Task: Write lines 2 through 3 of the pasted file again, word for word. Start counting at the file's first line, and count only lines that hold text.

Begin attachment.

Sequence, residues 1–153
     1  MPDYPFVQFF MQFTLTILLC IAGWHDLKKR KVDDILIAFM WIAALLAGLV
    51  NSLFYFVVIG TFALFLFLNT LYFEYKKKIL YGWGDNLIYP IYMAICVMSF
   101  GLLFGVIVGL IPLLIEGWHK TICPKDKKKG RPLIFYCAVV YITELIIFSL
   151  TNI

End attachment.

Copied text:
     1  MPDYPFVQFF MQFTLTILLC IAGWHDLKKR KVDDILIAFM WIAALLAGLV
    51  NSLFYFVVIG TFALFLFLNT LYFEYKKKIL YGWGDNLIYP IYMAICVMSF